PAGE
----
The coming of fall lights certain swaths of the Texas landscape with bursts of flame-colored leaves painted red, gold, and yellow, creating the image of a blazing sunset before the long night of winter. Many plants, in fact, spend that wintry night slumbering in a hibernation of sorts, with autumn’s impressive display a visual side effect of their preparation for sleep.
Trees, along with other plants, spend their summer days transforming sunlight into sugar through a process called photosynthesis. This seeming alchemy uses a substance called chlorophyll, which gives leaves their green color. Winter provides inadequate light and water for photosynthesis, so as days grow shorter, many trees simply turn off the process, and their chlorophyll fades away. Other colors present in leaves now become visible, including yellow-orange carotene, yellow xanthophylls, and red anthocyanin. Tannin, a leftover byproduct, creates the final brown color that characterizes the last stage before the dead leaves fall from the tree.
The shorter days and longer nights of late summer and early fall trigger this sequence of events, according to Damon Waitt, senior botanist at the University of Texas at Austin’s Lady Bird Johnson Wildflower Center. Weather conditions also influence the amount and intensity of fall color. A warm, wet spring followed by a mild summer, and a sunny fall with cool-but-not-freezing nights, along with moisture in the soil, create the best results. Specific plants have characteristic colors; oaks and maples turn red, yellow, and orange, while aspens and cottonwoods glow yellow. The timing of color also varies by species. Many oaks, for example, turn colors long after other trees have lost their leaves. With so many factors at play, fall never looks the same twice. This year’s drought caused most plants in many parts of Texas to lose their leaves or change color early, says Texas Parks and Wildlife Department botanist Jackie Poole. But we found four areas that, thanks to consistent moisture, should still offer an impressive show of color this fall.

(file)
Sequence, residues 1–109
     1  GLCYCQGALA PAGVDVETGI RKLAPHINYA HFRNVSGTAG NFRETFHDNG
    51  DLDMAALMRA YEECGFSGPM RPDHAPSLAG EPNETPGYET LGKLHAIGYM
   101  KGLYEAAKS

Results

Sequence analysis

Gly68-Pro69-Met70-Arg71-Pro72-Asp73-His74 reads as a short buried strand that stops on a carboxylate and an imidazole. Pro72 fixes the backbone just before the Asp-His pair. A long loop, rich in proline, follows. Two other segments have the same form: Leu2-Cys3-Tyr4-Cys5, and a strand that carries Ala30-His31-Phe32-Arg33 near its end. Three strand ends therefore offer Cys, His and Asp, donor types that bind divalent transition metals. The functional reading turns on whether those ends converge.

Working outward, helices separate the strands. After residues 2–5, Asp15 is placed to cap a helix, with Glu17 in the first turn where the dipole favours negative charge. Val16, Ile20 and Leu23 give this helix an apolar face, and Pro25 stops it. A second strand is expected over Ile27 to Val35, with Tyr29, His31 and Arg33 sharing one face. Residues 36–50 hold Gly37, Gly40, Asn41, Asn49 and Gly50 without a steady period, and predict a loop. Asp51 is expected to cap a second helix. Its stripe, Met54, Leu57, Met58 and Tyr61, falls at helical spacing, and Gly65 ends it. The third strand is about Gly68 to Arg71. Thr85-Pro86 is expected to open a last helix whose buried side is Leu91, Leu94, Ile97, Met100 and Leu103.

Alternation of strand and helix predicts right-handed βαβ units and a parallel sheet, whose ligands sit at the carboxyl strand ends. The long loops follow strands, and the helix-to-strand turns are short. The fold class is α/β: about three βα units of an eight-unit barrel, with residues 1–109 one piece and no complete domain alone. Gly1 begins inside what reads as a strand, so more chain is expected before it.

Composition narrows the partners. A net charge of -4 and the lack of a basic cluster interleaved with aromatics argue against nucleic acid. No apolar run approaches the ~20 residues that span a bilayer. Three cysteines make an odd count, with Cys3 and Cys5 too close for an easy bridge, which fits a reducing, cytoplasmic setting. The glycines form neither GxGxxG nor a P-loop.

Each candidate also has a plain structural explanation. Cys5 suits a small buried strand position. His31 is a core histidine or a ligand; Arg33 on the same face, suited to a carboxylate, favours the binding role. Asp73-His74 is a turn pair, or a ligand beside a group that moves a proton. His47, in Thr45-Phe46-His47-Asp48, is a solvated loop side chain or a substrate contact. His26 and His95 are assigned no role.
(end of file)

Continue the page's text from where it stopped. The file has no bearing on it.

This year’s drought caused most plants in many parts of Texas to lose their leaves or change color early, says Texas Parks and Wildlife Department botanist Jackie Poole. But we found four areas that, thanks to consistent moisture, should still offer an impressive show of color this fall.
Milton Reimers Ranch Park
This former ranch, now a Travis County park, tucks into a bend of the Pedernales River with almost three miles of river frontage. Kevin Connally, Senior Natural Resource Management Specialist for Travis County, says the park is a popular destination for mountain bikers, hikers, and rock climbers, as well as anglers.
Fall color at Reimers Ranch starts with cedar elm, which turn from yellow to orange then red before dropping its leaves. More color comes from vines such as poison ivy (Toxicodendron radicans) and Virginia creeper (Parthenocissus quinquefolia), which can sport orange and a red nearer to deep maroon.
Timing of peak color depends on weather, of course, but Reimers Ranch typically bursts into color after a few cool fronts. For 2009, predictions suggest that an El Niño event building in the Pacific during late summer is likely to bring Central Texas a cool and wet fall, and should generate a photo-worthy display of colorful foliage.
Guadalupe Mountains National Park, McKittrick Canyon
Stands of bigtooth maple weave a fabric of bright reds, yellows, and orange, which are particularly vivid along two-and-one-half miles of this popular canyon’s hiking trail. In addition to its high concentration of bigtooth maples, says Ranger William Leggett, the canyon also sports gray oak, gold chinkapin oak (Quercus muehlenbergiz),and rosy desert sumac (Rhus microphylla) shrubs. During the growing season, gray oak is not gray, but more dull green or even grayish green. It is considered to be deciduous or subevergreen and can grow in drier sites than the chinkapin oaks, which typically grow along the base of the canyon walls and along the stream bed, as well as on the terraces above the canyon floor, and in isolated spots on the slopes.